Mucocele Gallbladder – Laparoscopic Cholecystectomy – Minimal editing

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*Gallbladder Mucocele*

The term gallbladder mucocele refers to an overdistended gallbladder filled with mucoid or clear and watery content. Usually noninflammatory, it results from outlet obstruction of the gallbladder and is commonly caused by an impacted stone in the neck of the gallbladder or in the cystic duct.

*Signs and symptoms*
Symptoms of a gallbladder mucocele include the following:

Right-upper-quadrant (RUQ) pain or epigastric pain and discomfort
Nausea and vomiting
The following suggest other conditions:

Continuance of pain or persistence of tenderness for longer than 6 hours – Acute cholecystitis
Fever and chills – Infected bile, with possible gallbladder empyema
Jaundice – Coexisting obstruction of the common bile duct (CBD)
Physical findings include the following:

Minimal acute inflammatory signs
Large, palpable, somewhat tender mass

*Diagnosis*
Laboratory studies that may be helpful include the following:

White blood cell (WBC) count – Mild leukocytosis with a left shift is common; higher counts suggest acute cholecystitis or infected bile
Bilirubin – Usually within the reference range but may be mildly raised with Mirizzi syndrome or associated CBD obstruction or cholangitis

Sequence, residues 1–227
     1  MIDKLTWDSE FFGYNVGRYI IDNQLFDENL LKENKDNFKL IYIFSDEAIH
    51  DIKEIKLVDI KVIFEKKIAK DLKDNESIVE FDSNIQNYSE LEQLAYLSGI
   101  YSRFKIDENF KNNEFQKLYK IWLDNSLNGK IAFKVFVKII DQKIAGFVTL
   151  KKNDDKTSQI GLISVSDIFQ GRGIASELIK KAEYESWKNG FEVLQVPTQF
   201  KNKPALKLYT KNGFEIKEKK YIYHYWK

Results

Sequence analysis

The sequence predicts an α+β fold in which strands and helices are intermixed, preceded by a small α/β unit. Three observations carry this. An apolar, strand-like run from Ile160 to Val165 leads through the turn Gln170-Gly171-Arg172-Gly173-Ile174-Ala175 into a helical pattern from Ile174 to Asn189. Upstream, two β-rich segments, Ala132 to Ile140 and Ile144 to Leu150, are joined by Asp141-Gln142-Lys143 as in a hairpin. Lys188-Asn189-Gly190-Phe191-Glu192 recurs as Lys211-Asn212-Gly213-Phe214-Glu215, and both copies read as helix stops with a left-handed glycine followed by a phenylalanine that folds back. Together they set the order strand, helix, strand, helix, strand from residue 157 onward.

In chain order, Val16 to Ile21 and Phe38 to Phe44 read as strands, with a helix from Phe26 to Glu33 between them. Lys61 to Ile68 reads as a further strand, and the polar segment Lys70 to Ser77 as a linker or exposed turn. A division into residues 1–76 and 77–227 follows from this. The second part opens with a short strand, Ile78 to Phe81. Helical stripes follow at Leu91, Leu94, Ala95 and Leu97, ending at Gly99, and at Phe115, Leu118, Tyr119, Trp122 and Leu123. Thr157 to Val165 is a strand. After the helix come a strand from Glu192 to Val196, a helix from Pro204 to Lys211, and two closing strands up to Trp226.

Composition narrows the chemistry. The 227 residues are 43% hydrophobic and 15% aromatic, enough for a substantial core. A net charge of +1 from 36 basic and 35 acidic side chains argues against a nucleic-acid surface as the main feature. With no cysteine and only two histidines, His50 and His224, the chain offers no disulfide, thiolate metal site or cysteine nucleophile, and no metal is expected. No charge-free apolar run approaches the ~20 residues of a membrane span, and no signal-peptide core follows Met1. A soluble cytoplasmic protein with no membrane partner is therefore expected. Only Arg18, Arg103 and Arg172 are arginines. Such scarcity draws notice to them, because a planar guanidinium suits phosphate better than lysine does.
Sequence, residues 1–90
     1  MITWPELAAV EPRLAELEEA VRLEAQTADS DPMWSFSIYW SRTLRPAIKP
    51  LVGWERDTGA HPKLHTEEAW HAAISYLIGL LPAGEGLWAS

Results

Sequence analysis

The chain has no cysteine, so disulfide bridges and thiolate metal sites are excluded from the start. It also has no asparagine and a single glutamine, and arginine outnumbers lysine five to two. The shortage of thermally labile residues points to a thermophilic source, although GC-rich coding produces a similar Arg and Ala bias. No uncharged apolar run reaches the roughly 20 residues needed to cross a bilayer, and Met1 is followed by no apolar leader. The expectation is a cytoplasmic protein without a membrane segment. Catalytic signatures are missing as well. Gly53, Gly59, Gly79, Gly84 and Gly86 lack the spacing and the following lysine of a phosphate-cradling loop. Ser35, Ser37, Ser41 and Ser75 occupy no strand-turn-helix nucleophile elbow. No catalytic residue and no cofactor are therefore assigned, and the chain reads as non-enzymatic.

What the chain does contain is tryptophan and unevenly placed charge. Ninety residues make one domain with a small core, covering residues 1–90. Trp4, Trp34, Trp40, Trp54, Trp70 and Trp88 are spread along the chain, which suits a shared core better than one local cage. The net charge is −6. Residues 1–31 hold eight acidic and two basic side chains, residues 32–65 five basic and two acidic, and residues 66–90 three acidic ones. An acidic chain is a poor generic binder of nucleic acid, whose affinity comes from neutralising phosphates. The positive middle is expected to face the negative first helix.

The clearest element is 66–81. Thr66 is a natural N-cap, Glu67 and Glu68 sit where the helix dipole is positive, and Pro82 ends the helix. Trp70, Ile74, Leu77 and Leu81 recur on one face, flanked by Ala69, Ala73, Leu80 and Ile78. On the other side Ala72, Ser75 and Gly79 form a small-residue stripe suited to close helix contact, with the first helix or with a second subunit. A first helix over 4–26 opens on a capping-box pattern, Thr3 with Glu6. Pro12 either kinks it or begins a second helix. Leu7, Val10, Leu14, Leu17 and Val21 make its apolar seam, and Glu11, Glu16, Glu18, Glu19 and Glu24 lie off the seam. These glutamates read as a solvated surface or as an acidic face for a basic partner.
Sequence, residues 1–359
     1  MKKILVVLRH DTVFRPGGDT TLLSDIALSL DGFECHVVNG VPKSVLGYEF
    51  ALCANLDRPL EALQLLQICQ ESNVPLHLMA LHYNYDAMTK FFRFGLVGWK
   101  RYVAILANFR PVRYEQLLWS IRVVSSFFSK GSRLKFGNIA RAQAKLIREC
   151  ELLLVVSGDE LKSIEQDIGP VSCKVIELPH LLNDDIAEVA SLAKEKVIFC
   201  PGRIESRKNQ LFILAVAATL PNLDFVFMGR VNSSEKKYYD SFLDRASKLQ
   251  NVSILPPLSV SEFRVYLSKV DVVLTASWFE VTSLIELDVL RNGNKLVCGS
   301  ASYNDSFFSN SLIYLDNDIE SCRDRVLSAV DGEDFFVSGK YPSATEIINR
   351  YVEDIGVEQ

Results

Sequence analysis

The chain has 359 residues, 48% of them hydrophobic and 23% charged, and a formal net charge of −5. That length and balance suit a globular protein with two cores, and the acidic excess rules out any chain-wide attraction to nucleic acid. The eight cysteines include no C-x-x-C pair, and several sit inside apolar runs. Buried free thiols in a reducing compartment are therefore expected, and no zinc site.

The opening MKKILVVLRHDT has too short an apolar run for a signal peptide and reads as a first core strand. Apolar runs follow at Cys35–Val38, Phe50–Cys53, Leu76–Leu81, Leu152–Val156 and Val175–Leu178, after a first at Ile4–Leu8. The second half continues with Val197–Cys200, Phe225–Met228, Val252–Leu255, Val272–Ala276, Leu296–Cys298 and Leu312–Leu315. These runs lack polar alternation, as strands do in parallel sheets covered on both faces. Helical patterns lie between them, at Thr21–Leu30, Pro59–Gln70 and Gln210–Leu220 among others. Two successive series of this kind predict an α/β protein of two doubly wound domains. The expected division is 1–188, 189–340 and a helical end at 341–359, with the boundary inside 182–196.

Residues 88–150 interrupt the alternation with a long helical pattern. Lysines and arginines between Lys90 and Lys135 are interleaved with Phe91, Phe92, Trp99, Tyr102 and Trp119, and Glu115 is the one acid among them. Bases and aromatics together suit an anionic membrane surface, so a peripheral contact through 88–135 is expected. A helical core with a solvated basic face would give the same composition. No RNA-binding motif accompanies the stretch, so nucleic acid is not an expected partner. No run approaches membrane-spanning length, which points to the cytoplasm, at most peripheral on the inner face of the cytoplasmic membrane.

Liver enzymes – Usually within the reference range, though alkaline phosphatase may be mildly elevated; large increases suggest an obstructed CBD
Serum amylase levels – Usually within the reference range; large increases suggests acute pancreatitis
Imaging modalities that may be considered include the following:

Ultrasonography – Extremely sensitive in detecting gallbladder stones and identifying intrahepatic biliary tree dilatation
Plain radiography of the abdomen – Nonspecific, used only as a guideline in differential diagnosis
Scintigraphy (hepato-iminodiacetic acid [HIDA] scanning) – Capable of offering only indirect evidence but possible worth considering in obscure cases
Computed tomography (CT) – Indicated when the diagnosis is unclear or other associated conditions or complications are present that must be assessed
Magnetic resonance cholangiopancreatography (MRCP)

*Management*
Surgery is definitive treatment for gallbladder obstruction, and no absolute contraindication to such treatment exists. However, the following factors may be considered:

The presence of any associated medical conditions or illnesses that preclude surgery would constitute a contraindication to surgical treatment.
Laboratory research suggests that chemical ablation of the gallbladder mucosa may be an alternative in patients who are medically unfit, elderly, or critically ill
Surgical options include the following:

*Laparoscopic cholecystectomy* – The criterion standard procedure
Open cholecystectomy – An option for patients who have a very large gallbladder, greatly thickened gallbladder walls, or an obliterated triangle of Calot
Percutaneous or open cholecystostomy – A temporary measure, usually performed when the patient is very sick or the dissection is technically very difficult and followed by a completion cholecystectomy
Laparoscopic subtotal cholecystectomy – An option for very difficult gallbladder dissections in which the inflammation is very severe and in the region of the neck

*Source* – Medscape
https://emedicine.medscape.com/article/195165-overview

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